Percussion Lock The percussion lock (also called “caplock”) replaced the flintlock in early 1800s. Early percussion locks used priming compounds inside a metallic foil cap placed over the vent hole. When the hammer strikes the cap, the resulting spark ignites the main charge. Percussion
Percussion Lock (cont.) The percussion cap also paved the way to the self-contained ammunition we have today – cartridges and shotshells. The percussion cap ignition system was developed in 1805 by the Reverend John Forsyth of England. Gunpowder, the projectile and the primer were put together into a single housing that could be loaded quickly in the mid-1800s. In addition to this system, some of the new in-line muzzleloaders may use a 209 primer, the same as is used in some shotgun shells.
Black Powder Revolver • The next advance, in 1835, was to arrange a series of percussion locks and barrels on a rotating wheel (cylinder) to allow a rapid succession of shots (Patterson revolver). With a single hammer and trigger, multiple shots could be fired without reloading a repeating firearm. The percussion cap revolvers were the forerunners of modern revolvers
Black Powder Black powder is the only type of powder that should be used in muzzleloaders. However synthetic substitutes, such as Pyrodex®, also may be used. Don’t use modern-day smokeless powders in black powder firearms – it could cause serious injury.
Black Powder (cont.) • Black powder is made of potassium nitrate (saltpeter), sulfur and charcoal. When ignited, it causes a dense cloud of white smoke. Comes in four sizes or granulations:
Black Powder (cont.) • Fg:Coarse grain typically used in cannons, rifles larger than .75 caliber and 10-gauge shotguns or larger • FFg:Medium grain typically used in larger rifles between .50 and .75 caliber, 20-gauge to 12-gauge shotguns and pistols larger than .50 caliber • FFFg:Fine grain typically used in smaller rifles and pistols under .50 caliber and smaller shotguns • FFFFg:Extra-fine grain typically used as a priming powder in flintlocks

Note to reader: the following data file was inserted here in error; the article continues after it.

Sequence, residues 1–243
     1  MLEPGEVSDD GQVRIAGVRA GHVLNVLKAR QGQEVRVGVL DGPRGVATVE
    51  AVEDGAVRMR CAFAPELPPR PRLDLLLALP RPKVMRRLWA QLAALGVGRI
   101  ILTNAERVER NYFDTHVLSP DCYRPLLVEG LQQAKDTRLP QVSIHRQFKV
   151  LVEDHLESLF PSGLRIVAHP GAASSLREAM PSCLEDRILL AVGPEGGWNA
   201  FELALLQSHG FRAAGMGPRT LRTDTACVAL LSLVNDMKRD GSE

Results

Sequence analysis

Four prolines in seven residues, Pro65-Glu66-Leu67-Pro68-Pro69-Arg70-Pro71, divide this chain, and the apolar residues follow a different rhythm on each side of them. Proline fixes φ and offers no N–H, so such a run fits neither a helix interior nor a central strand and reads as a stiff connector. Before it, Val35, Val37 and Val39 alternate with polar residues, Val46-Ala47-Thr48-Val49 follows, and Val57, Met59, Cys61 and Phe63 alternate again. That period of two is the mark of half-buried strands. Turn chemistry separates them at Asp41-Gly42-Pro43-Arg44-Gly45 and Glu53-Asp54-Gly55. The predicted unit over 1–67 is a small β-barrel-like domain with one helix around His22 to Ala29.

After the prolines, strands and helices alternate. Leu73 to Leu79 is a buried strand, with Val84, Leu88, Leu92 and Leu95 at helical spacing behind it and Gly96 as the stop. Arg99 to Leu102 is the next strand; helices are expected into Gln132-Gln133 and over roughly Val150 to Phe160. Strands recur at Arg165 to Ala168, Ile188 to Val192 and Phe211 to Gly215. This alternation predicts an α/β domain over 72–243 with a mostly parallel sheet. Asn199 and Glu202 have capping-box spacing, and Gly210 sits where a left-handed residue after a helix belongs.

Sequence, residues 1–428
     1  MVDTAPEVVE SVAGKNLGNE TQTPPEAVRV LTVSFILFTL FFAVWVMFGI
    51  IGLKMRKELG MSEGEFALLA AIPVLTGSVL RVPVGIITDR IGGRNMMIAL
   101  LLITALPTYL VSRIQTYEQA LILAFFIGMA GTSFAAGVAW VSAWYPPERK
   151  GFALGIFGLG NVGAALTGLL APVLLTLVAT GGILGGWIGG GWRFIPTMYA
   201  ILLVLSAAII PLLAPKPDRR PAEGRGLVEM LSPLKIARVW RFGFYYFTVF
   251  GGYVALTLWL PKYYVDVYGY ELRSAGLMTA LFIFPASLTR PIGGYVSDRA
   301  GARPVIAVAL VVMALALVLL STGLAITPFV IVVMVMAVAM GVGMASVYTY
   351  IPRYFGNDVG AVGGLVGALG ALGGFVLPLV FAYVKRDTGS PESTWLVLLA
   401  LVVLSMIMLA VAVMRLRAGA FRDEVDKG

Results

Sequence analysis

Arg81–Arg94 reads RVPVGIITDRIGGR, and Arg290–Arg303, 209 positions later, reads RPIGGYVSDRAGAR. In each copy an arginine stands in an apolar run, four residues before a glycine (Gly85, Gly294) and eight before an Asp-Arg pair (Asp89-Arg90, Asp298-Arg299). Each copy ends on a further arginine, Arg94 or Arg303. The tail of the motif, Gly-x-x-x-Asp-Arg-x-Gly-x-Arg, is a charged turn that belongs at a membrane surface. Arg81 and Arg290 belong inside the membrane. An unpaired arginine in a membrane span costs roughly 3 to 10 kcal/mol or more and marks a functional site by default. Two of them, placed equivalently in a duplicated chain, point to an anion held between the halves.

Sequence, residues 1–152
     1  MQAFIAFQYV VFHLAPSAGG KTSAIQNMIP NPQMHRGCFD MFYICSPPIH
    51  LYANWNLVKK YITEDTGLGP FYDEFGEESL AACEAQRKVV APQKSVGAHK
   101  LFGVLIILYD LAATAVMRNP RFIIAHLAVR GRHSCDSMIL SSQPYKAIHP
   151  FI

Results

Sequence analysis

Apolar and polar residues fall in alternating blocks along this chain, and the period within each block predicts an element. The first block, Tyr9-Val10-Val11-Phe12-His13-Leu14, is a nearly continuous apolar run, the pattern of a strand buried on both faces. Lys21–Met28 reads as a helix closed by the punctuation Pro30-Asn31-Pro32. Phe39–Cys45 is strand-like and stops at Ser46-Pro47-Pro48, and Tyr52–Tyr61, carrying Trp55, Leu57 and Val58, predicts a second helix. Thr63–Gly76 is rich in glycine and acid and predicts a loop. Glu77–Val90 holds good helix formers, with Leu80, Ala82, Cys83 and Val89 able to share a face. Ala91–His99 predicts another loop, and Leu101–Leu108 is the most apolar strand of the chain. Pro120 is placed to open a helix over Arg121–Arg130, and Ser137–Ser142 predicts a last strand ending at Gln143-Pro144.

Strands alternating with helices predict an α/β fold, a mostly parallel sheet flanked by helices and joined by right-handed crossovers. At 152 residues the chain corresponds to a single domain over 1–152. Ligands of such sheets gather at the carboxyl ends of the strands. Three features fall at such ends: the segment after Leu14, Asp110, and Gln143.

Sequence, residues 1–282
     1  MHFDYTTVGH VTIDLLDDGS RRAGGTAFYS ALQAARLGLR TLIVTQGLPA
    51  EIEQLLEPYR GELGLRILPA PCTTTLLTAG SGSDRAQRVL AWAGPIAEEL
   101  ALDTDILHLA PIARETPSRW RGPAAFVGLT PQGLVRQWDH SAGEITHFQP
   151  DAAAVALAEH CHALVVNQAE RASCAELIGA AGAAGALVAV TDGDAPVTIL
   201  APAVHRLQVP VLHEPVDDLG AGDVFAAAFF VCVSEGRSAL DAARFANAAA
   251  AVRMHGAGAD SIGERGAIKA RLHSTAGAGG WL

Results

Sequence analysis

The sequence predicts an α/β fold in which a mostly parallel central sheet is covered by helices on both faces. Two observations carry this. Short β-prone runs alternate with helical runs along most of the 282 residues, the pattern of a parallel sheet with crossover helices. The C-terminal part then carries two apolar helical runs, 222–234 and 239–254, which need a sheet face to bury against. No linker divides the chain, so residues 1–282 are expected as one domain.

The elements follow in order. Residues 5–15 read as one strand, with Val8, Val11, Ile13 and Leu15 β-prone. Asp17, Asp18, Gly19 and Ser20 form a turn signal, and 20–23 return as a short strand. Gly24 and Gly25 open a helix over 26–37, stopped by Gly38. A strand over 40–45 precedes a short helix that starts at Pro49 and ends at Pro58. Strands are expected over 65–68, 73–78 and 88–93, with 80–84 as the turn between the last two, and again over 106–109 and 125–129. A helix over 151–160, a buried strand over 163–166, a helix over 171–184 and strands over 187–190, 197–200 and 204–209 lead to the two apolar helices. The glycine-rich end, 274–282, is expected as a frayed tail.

Black Powder Substitutes Pyrodex® and other black powder substitutes that can be used in amounts equal to black powder – loading may vary. Be sure to consult instructions from qualified gunsmith for loading procedures.
Pyrodex® • Pyrodex®:modern substitute for black powder – not an explosive but a propellant. Not lawful in some states. Available in powder form and pre-measured pellets. Pellets to be used in in-line ignition systems only. Not recommended for use in flintlocks.
Triple Seven® • Non-corrosive black powder (Triple Seven®):does not leave corrosive build-up in barrel of firearm. Shooter may be able to reload more times without cleaning inside of barrel. Not recommended for use in flintlocks. Available in powder form and pre-measured pellets. Pellets to be used in in-line ignitions systems only
Safety Tip The use of smokeless powder (except in the new Savage designed for it), a mixture of smokeless and black powder, the wrong type or granulation of black powder, Pyrodex®, or overloading may damage your firearm and cause injury and/or death to the shooter or bystander.
Powder Caps or Flint Patches Sharp Knife (optional) Powder Container Patch puller Ball puller Equipment for Shooting
Equipment for Shooting (cont.) • Powder measure • Nipple wrench & pick • Cleaning solvent & patches • Ball starter • CO2 type discharger • Possible bag or pouch